The leaders promise joint efforts to ‘fight against irregular migration’ in a 17-page ‘Action Plan,’ that bears neither the EU nor the AU logo.[7] It does not say much else. Readmission agreements? Subject to further talks. Laissez-passers? Not mentioned. Visas for Africans? Covered by existing legislation. Stronger border controls inside Africa? The EU offers to support ‘national capabilities.’ All in all, this document says a whole lot of nothing. Neither Africans nor Europeans ceded any ground on their most decisive issues. The loudly heralded EU Emergency Trust Fund for Africa is already considered a scam by most of the Africans. Most of the money had already been allocated to development aid in the EU budget. Going out of their way to accommodate the Europeans is not an option for the African leaders: deportations are hugely unpopular among their own citizens, and remittances from Africans in Europe are too important.

All-inclusive collaboration packages

Vimont’s job is done, but the EU realizes that its attempt to make a deal with half of a continent to solve its refugee problem will not work out.

Now what?

The EU picks five states in Valletta for more intensive negotiations in the future – individually, unlike Vimont’s approach: Mali, Nigeria, Niger, Senegal and Ethiopia. The EU wants to close so-called migration compacts with them. These ‘all-inclusive collaboration packages’ cover investments, readmissions, deportation, counter-terrorism.

But differences remain. In bilateral talks with the five Compact states over the next few months, the EEAS is unable to win any major concessions. Niger is the only exception. All in all, the number of people returning to Africa does not increase – and neither does the number of those crossing the Mediterranean decrease.

Germany’s government tries going solo: In February 2016, Foreign Minister Steinmeier and Interior Minister Thomas de Maizière (Christian Democratic Union (CDU)) both pen a letter to the governments of Algeria, Benin, Senegal, Guinea-Bissau, Niger, Nigeria, Morocco and Sudan. They declare their intention to use EU laissez-passer documents to repatriate all irregular immigrants, who have no prospects of staying in Germany.[8] [9] Germany tries to woo the governments with the promise of entering a ‘new phase,’ which could also ‘positively affect other areas of [their] cooperation.’ It is no use – no country wants to work with these deportation papers ‘made in Germany.’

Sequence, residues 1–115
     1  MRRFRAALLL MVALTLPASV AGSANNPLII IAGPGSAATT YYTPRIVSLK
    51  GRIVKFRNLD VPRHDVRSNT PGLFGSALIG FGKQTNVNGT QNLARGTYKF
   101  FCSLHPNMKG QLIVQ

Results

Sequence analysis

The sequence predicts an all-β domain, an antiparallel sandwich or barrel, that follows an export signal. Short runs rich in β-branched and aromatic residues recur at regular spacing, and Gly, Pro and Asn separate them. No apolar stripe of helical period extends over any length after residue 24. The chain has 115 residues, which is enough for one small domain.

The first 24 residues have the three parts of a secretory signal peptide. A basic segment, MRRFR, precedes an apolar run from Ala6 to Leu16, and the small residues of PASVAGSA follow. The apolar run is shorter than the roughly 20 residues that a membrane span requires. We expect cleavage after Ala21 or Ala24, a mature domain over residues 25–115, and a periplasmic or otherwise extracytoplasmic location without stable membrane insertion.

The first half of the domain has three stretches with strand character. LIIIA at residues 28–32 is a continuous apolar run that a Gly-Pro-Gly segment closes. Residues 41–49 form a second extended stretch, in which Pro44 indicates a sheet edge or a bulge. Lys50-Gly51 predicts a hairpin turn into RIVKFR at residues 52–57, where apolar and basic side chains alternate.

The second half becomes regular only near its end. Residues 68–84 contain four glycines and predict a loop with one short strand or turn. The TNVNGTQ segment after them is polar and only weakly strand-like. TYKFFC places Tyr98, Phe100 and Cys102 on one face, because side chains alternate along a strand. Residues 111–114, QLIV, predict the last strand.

A few weeks later, the Turkey deal takes effect. ‘That was a turning point,’ says Vimont. ‘It reinforced the idea of readmission. Because everyone saw: This works.’ Turkey proves that transit countries ‘can find common ground with the EU,’ says Vimont. Commission VP Timmermans now wants to copy the deal for the Central Mediterranean. Many EU states support for the initiative. ‘The slightly harder narrative that followed had a lot to do with this,’ says Vimont.

The ‘slightly harder narrative’ begins after 7 June 2016, half a year after the Valletta Summit. Now the EU’s African partners have the gun to their heads. Its new, so-called partnership agreements with Africa openly threaten to use ‘all policies and instruments at the EU’s disposal to achieve concrete results’ in migration management.[10] The same day, Timmermans explains the new Africa policy in Brussels, calling it ‘a mix of positive and negative incentives’[11] and demanding that third countries who cooperate ‘efficiently’ with the EU should be ‘rewarded’ while the others should have to face ‘consequences.’[12]